Millenium Dome, London - Composite

Sant’ Andrea al Quirinale, Rome - Isometric

71


PHOTOGRAPHY An effort to capture the complex stories and spatial situations embedded in the urban and natural landscape(s).

72


73


SCULPTURE Experimented with different methods and techniques of fabrication using wood, metals and plastics. Through academic instruction and self-initiated investigations I became familiar with wood and metalworking, vacuum forming, casting and mold making.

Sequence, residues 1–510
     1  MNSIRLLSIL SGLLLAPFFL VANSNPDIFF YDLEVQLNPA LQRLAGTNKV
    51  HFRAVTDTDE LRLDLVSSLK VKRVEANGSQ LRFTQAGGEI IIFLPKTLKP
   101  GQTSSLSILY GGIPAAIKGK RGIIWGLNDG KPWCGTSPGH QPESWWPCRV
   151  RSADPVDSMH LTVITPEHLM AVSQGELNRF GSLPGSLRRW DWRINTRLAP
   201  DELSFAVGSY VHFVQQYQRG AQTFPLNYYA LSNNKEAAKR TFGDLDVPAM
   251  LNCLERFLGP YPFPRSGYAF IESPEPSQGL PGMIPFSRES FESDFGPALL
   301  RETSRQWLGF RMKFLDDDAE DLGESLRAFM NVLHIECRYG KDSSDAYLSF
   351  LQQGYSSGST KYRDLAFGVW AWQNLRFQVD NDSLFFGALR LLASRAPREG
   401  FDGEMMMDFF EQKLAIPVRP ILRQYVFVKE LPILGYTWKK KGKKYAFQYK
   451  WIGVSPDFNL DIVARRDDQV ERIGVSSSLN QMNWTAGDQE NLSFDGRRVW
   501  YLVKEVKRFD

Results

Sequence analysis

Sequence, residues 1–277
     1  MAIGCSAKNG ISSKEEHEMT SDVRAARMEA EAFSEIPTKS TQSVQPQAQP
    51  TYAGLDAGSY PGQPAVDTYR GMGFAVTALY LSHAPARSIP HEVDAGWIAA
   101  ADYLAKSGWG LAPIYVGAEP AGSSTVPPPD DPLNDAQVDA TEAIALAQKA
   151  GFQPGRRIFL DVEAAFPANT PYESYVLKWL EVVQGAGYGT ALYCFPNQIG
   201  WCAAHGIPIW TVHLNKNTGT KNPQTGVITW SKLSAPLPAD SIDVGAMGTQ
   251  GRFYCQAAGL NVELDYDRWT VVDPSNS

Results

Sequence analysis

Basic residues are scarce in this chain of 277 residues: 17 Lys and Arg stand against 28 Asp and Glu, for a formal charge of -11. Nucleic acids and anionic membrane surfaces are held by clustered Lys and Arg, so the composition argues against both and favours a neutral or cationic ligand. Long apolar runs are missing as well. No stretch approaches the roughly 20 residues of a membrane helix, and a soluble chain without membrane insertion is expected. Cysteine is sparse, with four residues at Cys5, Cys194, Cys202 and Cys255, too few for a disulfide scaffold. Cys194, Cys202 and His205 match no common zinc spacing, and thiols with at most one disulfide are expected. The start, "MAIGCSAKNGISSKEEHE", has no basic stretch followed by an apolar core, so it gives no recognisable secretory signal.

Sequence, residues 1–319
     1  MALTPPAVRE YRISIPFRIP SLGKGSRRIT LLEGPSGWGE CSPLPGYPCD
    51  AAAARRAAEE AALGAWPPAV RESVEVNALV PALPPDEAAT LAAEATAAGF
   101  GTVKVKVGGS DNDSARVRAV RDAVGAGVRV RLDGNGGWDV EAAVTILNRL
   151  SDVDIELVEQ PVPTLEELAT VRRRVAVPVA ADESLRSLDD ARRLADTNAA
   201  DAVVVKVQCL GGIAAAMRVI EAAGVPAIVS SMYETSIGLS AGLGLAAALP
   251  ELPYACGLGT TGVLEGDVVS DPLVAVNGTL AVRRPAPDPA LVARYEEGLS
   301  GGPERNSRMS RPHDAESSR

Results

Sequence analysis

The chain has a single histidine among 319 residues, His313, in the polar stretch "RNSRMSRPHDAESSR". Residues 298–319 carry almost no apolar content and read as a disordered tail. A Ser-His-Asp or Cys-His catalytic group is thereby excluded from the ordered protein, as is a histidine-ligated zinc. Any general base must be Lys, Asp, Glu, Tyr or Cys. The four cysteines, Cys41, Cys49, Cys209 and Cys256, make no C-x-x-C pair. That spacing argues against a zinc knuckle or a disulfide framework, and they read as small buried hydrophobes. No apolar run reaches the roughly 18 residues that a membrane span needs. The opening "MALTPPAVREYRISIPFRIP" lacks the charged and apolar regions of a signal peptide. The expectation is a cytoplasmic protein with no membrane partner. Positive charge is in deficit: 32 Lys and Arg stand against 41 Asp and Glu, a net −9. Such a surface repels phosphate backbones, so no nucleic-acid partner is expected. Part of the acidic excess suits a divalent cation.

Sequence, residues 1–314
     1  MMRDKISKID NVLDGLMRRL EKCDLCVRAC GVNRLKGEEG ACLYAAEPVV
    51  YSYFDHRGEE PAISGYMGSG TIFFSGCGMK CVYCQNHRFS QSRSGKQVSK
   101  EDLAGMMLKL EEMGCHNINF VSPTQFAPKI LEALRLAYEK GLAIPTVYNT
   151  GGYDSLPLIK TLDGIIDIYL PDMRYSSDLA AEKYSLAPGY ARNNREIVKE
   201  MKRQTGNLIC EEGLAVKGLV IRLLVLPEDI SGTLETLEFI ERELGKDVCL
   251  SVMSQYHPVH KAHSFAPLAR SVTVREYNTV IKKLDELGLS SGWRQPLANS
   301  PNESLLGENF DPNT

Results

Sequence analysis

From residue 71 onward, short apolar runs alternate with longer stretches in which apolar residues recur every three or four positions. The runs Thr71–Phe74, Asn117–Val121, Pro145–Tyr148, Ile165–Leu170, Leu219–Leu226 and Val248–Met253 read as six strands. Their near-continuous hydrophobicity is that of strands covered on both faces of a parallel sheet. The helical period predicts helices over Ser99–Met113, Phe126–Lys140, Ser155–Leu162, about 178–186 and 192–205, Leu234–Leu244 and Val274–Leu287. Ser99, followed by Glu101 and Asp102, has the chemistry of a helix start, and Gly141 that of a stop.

Friend Request (2011)

The sculpture critiques the intimacy found on social media platforms....or arguably the lack thereof. It is comprised of various wax casts of hands/forearms mounted on screen of a discarded monitor.

74


THANK YOU! marcoantonioravini@gmail.com

75


Copyright © 2016 All rights reserved


Marco Antonio Ravini Architecture Portfolio  

A collection of academic and professional work produced, both independently and collaboratively, during a 5-year BArch degree at Syracuse Un...